When I was young, my mother hung a plaque above my bed. It said: “Don’t tell your daughter to marry a doctor or lawyer, tell her to be one.” I ended up becoming a CPA, but regardless, the confidence that my mom tried to instill in me early on as a little girl has benefited me throughout my career and life.
This plaque was just the start. I remember early on learning about the groundbreaking accomplishments of my grandmother and great aunt as women, and watching my mom’s career. They were all hardworking, successful entrepreneurs and business women.
Here are a few key lessons that I learned from them that have helped me in business and life. I hope that they inspire you too:
Go after what you want despite what people think
My grandmother Edith ran an antique store. She was the first person I knew who owned a business. Today that might not seem like a big deal but back then there weren't a lot of women entrepreneurs in the ‘50s and ‘60s. To add to this novelty, Edith often traveled alone and wore pants instead of skirts and didn’t marry and have children until late into her 30s -- all of which were uncommon at the time.
While my grandmother was a business owner, my great aunt Charlotte went to business school at the University of Minnesota and was a member of the business club for women. This was in 1930 when 99.9% of business students were men. She went on to work with her husband in his accounting practice, which was also in the same building as my grandfather’s CPA practice.
As you can see, both my grandmother and aunt didn’t let societal norms or expectations get in their way. They pursued their dreams and lived their lives on their own terms.
Keep your head up when times are tough
From the age of 12, I grew up working in my mom’s business, a maid service company in Cincinnati. The school bus dropped me off there each day and I helped out with paperwork and customer phone calls. Needless to say, I saw the many ups and downs of owning a business.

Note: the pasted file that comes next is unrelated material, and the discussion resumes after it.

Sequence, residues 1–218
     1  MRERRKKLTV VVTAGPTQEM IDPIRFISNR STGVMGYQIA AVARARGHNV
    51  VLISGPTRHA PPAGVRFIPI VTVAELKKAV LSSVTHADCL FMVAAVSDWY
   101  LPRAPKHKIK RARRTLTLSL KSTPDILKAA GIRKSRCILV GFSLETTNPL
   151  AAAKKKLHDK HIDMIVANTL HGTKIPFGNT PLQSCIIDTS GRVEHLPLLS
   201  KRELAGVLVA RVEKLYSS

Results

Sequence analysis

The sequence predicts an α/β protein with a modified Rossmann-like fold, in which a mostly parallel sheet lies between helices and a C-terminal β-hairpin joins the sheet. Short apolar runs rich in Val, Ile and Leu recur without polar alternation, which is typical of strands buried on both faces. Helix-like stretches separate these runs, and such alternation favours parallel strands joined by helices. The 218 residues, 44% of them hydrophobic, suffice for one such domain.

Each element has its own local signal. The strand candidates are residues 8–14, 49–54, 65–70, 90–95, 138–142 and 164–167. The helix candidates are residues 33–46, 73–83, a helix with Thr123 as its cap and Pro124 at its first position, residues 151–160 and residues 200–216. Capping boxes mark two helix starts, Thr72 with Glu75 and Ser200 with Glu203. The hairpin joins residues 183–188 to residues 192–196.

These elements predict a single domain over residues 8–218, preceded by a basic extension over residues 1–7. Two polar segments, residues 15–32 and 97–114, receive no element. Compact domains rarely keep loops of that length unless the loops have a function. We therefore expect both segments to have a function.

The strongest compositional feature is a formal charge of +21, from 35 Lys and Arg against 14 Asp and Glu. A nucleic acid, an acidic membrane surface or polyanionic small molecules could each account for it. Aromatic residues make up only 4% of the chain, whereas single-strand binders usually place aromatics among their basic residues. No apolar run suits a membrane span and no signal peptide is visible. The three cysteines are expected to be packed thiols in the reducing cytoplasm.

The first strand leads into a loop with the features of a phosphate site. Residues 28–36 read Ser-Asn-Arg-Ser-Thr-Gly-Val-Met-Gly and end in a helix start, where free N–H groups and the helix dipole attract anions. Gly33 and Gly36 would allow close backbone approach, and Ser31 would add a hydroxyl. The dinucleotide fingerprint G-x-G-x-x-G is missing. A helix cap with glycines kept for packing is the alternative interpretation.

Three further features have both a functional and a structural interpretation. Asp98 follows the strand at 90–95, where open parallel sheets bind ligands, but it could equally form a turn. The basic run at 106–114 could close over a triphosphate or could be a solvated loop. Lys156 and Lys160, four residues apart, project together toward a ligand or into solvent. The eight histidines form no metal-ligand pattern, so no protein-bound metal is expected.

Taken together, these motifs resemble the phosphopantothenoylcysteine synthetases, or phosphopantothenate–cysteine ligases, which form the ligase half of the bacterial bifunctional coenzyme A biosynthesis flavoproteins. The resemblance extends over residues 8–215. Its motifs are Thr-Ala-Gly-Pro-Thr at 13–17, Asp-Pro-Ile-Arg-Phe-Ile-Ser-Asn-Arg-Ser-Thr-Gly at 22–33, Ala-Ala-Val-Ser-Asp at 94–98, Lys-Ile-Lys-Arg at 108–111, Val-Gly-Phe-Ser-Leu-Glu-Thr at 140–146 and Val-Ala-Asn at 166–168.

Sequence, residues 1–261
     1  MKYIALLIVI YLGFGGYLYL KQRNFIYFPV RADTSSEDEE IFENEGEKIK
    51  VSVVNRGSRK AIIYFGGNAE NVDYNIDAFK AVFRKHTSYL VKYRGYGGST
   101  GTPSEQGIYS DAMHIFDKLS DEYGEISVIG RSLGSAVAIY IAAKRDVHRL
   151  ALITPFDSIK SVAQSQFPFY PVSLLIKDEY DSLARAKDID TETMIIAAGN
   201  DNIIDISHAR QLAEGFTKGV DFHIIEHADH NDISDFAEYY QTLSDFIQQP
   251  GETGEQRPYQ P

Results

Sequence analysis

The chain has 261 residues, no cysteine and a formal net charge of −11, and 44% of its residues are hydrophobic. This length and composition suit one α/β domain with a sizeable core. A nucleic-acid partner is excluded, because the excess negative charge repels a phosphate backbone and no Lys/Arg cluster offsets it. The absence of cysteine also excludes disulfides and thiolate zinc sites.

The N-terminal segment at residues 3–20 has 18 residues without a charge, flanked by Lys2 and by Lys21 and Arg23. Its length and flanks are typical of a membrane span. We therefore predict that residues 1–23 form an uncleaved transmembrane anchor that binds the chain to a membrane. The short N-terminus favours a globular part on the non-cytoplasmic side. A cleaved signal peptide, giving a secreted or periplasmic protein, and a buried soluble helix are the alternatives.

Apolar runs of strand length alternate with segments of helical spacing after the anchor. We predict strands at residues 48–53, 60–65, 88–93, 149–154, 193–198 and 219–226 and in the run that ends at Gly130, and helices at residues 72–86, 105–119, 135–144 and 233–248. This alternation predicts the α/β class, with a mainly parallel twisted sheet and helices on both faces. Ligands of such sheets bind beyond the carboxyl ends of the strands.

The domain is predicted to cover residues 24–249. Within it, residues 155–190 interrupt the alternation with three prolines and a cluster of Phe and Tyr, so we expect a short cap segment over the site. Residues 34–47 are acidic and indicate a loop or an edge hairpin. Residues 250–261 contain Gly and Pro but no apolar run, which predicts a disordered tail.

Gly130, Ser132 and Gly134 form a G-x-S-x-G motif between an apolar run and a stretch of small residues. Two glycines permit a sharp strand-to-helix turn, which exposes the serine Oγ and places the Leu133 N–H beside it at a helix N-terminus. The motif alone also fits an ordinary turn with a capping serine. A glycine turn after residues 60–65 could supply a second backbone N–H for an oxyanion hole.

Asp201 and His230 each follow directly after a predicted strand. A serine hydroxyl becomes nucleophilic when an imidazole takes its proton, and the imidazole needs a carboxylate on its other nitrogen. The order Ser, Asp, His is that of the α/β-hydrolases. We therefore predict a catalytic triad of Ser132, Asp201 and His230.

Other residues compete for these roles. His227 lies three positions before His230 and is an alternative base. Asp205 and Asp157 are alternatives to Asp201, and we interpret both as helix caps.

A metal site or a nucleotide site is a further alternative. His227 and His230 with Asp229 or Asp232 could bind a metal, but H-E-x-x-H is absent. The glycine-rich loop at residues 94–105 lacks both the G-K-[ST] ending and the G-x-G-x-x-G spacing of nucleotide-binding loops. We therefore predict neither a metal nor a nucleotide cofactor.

Some days it was winning the next sales proposal and the excitement of a big project. But other days it was one customer complaint after another or employees not showing up for work. I saw how my mom dealt with these successes and setbacks every day.
In particular, I learned from her how to develop grit and tenacity. So when things weren’t going well, I learned how to not throw in the towel, even when I really wanted to, and hold my head up and keep moving forward. When we made a mistake in the business, my mom taught me to quickly learn from it -- not dwell on it -- so that we could make a better decision the next time.
These stories are a part of our family lore, passed on from generation to generation. Now as a third-generation woman entrepreneur myself, these stories live within me as a reminder to always go after what I really want, not let what people think get in my way, and persevere when times get tough.
How about you -- do you have family members who have taught you how to keep moving forward in business or life? Please share your stories in the comments section.
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